As the death count in Nepal marched grimly upward Sunday, family and friends of hikers travelling in the earthquake-struck country faced a frustrating lack of communication and called on the Canadian government to do everything in its power to rescue its citizens.
The devastating earthquake, and a series of powerful aftershocks, have wrecked roads and severed communications to many of the remote areas frequented by trekkers. For those back home, it's made for tense hours of watching news and scanning social media in hopes of gleaning any information about their loved ones.
No Canadians were climbing Mount Everest at the time of the avalanche, according to information compiled by the Alpine Club of Canada. But "there were several at base camp," said Raz Peel, who heads the club in Vancouver.
But many other Canadians were in other areas of the country.
Among those is Faye Kennedy, a 32-year-old civil servant from Ottawa who was hiking in Langtang National Park, some 65 kilometres north of Kathmandu, with a friend and a local Sherpa. Their plan was to hike through Langtang before flying to Tibet; the family expected to hear back from them on May 1 or 2.
But the devastating earthquake, which has killed at least 2,400 and injured thousands, has created a sudden new worry for her family, and its inability to reach her.
"We're anxious to hear from her and we know it could be a long wait," said Justin Piche, a University of Ottawa professor who is Ms. Kennedy's brother-in-law.
Ms. Kennedy is an avid trekker who has hiked the 49 peaks of the Adirondacks and grunted her way up to Everest Base Camp on a previous trip. But she had planned to hike between tea houses, so "she does not have a tent. One of our worries is that she doesn't have access to proper shelter," said Mr. Piche.
"We really encourage Canadians to donate to rescue and aid efforts in Nepal now," he said. He also called on Ottawa to "mobilize the necessary resources to track Faye and others down and ensure their safe return to Canada."
Canada announced Saturday that it is deploying an assessment team from its military DART disaster assistance unit to determine how it might be of help to Nepal.
The anxiety was shared by Nepalese, too, some of whom had trouble returning home. On Sunday, 29-year-old Sujit Thapa, who works as an accountant for Honda in Japan, boarded a plane from Kunming, China to Kathmandu. But half an hour before landing, the airport was closed and the plane was turned around. Air crew said the tarmac in Kathmandu was too full to support more planes.
"I'm really frustrated and tense," he said from a boarding lounge in Kunming, as he waited to try again. "I'm dying to meet my family."
His family lives in a Bhaktabur, a small village outside Kathmandu. His relatives were all spared serious harm, but virtually every brick-built house in the village was demolished. Concrete structures that remained standing "but they are all cracked. So it's quite scary to get inside the house," he said.
For him and for many others, this earthquake was expected. Mr. Thapa's grandparents lived through a devastating 1934 earthquake that killed at least 8,500. "When I was a kid she used to talk about it — it was so scary. The whole town was covered by dust that came up like smog," he said.
Those stories had always served as a warning that this could happen again.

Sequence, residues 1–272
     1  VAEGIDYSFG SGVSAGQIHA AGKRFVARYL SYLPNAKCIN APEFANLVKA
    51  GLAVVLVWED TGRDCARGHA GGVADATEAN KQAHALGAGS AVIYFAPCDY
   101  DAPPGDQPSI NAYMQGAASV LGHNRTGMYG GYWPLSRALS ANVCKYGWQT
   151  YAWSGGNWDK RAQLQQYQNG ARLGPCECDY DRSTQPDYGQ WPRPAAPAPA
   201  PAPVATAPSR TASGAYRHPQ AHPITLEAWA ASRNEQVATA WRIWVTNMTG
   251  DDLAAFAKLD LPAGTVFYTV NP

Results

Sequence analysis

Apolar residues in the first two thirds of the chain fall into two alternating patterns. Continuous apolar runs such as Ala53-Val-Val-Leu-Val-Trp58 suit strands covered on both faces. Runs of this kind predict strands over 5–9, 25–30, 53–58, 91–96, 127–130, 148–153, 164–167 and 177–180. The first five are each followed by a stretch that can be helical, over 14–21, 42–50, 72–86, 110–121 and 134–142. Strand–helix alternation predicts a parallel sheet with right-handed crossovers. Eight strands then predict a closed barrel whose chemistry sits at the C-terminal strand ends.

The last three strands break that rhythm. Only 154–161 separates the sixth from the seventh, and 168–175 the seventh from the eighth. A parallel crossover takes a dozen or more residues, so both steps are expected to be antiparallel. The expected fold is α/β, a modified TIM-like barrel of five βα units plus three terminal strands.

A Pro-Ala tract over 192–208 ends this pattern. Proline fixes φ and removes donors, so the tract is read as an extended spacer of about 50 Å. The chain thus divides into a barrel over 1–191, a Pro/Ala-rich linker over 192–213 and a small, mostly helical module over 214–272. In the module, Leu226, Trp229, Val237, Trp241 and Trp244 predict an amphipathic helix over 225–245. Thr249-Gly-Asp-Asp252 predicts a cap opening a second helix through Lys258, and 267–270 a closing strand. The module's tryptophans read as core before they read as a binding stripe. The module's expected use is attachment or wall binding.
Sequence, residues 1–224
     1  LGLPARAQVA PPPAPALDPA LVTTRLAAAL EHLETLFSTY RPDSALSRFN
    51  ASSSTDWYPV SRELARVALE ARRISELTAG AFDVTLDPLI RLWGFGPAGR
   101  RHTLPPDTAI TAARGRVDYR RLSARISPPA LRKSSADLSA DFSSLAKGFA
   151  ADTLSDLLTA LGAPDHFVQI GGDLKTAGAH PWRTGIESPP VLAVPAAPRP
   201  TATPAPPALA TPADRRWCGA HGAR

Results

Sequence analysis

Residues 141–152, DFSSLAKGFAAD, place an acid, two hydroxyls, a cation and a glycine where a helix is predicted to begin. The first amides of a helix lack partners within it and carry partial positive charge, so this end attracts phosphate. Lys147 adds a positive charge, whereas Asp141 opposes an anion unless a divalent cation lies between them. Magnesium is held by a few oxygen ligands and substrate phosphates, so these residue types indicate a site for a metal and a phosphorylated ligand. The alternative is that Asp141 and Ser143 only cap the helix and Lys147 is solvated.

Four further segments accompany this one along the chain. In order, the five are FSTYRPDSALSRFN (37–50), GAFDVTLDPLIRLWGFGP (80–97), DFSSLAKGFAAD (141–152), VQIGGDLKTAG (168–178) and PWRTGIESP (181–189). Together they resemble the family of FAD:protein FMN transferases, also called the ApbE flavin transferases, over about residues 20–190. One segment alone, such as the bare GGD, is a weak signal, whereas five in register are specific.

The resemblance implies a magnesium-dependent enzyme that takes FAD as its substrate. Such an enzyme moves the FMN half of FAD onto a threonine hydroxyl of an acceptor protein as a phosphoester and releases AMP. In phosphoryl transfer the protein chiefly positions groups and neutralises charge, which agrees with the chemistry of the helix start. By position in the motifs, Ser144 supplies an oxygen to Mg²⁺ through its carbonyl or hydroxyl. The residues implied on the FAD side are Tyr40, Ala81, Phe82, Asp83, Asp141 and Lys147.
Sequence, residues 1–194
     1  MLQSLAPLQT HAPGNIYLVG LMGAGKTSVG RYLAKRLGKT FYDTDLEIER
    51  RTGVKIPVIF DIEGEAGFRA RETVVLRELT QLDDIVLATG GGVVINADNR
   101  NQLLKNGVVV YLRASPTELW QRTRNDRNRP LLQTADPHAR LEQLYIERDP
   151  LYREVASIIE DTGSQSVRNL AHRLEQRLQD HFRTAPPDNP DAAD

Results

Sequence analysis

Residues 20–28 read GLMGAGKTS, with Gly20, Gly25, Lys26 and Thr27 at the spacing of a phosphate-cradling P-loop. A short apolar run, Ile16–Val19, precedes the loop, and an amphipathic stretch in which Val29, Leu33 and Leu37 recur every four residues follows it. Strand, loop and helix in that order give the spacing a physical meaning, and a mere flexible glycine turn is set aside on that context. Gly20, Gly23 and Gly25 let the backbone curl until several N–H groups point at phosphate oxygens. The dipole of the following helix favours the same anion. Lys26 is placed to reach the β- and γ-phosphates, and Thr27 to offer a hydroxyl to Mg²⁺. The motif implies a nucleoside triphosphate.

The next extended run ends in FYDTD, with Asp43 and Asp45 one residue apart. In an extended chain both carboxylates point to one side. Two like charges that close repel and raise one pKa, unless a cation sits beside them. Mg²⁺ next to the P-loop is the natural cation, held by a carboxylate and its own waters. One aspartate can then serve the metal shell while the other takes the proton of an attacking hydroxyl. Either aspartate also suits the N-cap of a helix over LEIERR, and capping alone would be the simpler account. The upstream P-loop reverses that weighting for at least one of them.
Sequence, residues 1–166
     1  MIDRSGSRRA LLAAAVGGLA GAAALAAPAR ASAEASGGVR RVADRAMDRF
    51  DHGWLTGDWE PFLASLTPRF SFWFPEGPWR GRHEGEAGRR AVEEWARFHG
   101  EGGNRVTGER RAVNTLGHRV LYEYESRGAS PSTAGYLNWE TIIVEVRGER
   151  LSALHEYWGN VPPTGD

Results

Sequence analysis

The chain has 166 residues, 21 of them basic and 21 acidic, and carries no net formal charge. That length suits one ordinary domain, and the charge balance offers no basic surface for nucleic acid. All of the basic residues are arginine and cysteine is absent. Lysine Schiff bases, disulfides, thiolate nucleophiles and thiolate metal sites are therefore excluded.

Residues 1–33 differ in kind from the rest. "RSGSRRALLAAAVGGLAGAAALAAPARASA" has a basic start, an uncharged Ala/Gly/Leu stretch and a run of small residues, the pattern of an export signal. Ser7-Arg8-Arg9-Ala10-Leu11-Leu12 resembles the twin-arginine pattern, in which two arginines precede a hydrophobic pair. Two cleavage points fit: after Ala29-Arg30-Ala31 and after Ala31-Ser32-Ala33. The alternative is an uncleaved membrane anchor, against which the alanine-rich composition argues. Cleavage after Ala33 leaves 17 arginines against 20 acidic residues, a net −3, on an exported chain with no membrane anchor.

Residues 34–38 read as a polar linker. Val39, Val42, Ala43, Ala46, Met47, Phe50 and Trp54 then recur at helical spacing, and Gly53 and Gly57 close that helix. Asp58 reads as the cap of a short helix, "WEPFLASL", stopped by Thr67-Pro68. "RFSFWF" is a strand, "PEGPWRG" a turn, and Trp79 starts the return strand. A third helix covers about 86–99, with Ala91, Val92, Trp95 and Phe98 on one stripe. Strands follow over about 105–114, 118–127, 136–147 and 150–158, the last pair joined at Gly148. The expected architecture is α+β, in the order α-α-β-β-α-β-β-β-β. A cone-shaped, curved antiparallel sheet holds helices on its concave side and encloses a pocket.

"I was always scared, because you know this kind of thing happens in Nepal," he said. But he blamed the government for being "blindfolded," and not properly writing and enforcing building codes that could have limited loss of life.
Powerful aftershocks continued to convulse Nepal on Sunday, sending residents of Kathmandu screaming into the streets again and again as a growing sense of despair spread through a devastated capital lacking water, food and electricity.
Nepalese residents carry belongings following fresh tremors in Kathmandu on April 26, 2015. Prakash Singh, AFP/Getty Images.
A day after an earthquake killed more than 2,400 people and injured about 5,900, residents grew frantic. The Nepali government, overwhelmed by the enormity of the challenge facing the country, struggled to provide relief, or much hope.
Streets in parts of this city of about 1.2 million were impassable after tens of thousands of people took up residence there. It was a strategy endorsed by the government.
Prime Minister Sushil Koirala, who was attending a conference in Indonesia when the quake struck, had rushed back to Kathmandu and was to speak in a televised address Sunday. But the speech was delayed, as have relief efforts, by strong tremors that continue to rock the country.
Nepalese residents walk past road damage following an earthquake in Kathmandu on April 26, 2015. Prakash Mathema, AFP/Getty Images.
It is increasingly evident that Nepali authorities were ill-equipped to rescue those trapped and would have trouble maintaining adequate supplies of water, electricity and food.
"In my neighborhood, the police are conspicuous by their absence," said Sridhar Khatri of the South Asia Center for Policy Studies in Kathmandu. "There is not even a show of force to deter vandalism, which some reports say is on the rise."
On Sunday, the government began setting up 16 relief stations across Kathmandu and the rest of the country while rescue operations continued.
The Home Ministry said Sunday that more than 2,400 had been confirmed dead and more than 5,900 injured.
Nepalese rescue personnel help a trapped earthquake survivor in Swyambhu, in Kathmandu on April 26, 2015. Prakash Mathema, AFP/Getty Images.
Thousands of Kathmandu's residents squatted on streets throughout the city either because their homes were destroyed or because continued aftershocks, including one of magnitude 6.7, left them too afraid to go inside. Other residents camped out in schools, school playgrounds and government offices.
With a report from the New York Times